Saturday, December 14, 2013

I am a traitor

And I mean that quite literally. From the Guardian -

"A 165-year-old law that threatens anyone calling for the abolition of the monarchy with life imprisonment is technically still in force – after the Ministry of Justice admitted wrongly announcing that it had been repealed...

The Ministry of Justice said: "Section 3 of the Treason Felony Act 1848 has not been repealed."...

That means in theory that to "imagine" overthrowing the Crown or waging war against the Queen, as the wording of the act describes, could still result in a life sentence."

Merely 'imagining' it is enough? Having been brought up a Catholic, that reminds me a bit of the doctrine that having 'impure thoughts' is just as sinful as actually doing the deed. Now, I don't know about you, but I find that while I may be able to control my actions, my thoughts are rather resistant to that form of discipline. Which begs the obvious question - if you're going to be deemed as bad a criminal/sinner anyway, why not just go the whole hog? Let's do it now - let's overthrow the Queen!


  1. And the Roman Catholic hierarchy?

  2. I'm afraid I committed a grave crime on the Guardian site.

    I called for the abolition of the monarchy out loud and proud.

    Of course, I'm not sure that the Treason and Felony Act is legal in Scotland; there usually being some sort of (Scotland) appendage to English laws applicable here.

    But if it is, and they haul me off to the tower and throw away the key, do you think I will get a postal vote for the referendum?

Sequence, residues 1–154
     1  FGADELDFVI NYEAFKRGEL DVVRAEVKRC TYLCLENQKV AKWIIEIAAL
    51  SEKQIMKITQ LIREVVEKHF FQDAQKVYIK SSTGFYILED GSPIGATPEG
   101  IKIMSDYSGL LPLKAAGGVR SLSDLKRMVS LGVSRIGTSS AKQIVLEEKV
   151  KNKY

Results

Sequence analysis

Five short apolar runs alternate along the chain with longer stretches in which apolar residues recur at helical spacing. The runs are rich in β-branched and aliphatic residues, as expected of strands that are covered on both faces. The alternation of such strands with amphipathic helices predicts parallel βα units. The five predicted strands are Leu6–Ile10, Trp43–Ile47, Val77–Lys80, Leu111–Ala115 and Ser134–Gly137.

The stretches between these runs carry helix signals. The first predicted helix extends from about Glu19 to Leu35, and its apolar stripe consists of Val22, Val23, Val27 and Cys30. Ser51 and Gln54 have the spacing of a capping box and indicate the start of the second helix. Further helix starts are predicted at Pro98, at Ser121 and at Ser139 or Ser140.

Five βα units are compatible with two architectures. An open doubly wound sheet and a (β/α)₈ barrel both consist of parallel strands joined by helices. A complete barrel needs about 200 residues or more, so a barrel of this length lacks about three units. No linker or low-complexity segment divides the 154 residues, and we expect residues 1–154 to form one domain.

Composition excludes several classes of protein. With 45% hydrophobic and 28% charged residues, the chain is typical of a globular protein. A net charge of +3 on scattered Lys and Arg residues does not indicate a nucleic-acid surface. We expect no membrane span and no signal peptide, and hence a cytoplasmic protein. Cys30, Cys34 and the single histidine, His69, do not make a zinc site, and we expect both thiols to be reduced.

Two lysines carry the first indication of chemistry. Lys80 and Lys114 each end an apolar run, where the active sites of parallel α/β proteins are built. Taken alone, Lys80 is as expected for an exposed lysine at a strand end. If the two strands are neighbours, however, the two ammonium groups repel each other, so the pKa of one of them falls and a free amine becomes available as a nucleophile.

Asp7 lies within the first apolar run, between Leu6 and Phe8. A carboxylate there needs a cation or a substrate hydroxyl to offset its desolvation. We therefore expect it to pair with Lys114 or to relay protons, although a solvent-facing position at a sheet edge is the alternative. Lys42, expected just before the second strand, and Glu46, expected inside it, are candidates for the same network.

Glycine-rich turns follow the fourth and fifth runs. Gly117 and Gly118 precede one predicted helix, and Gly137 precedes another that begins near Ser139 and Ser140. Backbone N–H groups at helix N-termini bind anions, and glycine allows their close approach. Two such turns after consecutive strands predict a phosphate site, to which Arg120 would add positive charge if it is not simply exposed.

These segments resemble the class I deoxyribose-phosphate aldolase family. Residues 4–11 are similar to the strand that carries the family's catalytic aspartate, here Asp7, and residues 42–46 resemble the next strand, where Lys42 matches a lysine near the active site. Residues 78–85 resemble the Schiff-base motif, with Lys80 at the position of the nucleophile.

3. Well, as Westminster are brazenly defying the European Court of Human Rights on prisoners' voting rights, almost certainly not! But you might get £4.25 compensation if you go to Strasbourg after the fact...

    At least we now know why the broadcasters fawned so absurdly over the Jubilee, Royal Wedding, and birth of Prince George - it was all on pain of life imprisonment.

  4. s.3 is still in force in relation to Scotland, England and Wales.

    The editor of the Guardian has previously asked the English courts to clarify whether the act criminalises the promotion of republicanism through peaceful means.

    The court essentially said that no one would be prosecuted, the act isn't ECHR compliant in any event and not to worry.

    A link to a synopsis of the Guardian case here:

  5. Ach, I don't care whether it's illegal or not, let's do it anyway!

  6. Over on a Scotland thread where everybody argues they couldn't care less and then post the same scaremongering racist old drivel again and again.

    Encouraged of course by actual traitors. People who work to destroy the country they claim to be so proud of. Vermit!

  7. I'm relieved to see that Stuart, Mick, Malcolm and TheUnionDivvie were all on hand for that thread - they were still hopelessly outnumbered by bigots, of course, but the quality of their arguments shone through.

  8. I would love to contact this outfit to ask them to arrest me, but would their jurisdiction in this matter cover Scotland? I'm only asking because I'm not sure on fine points of law.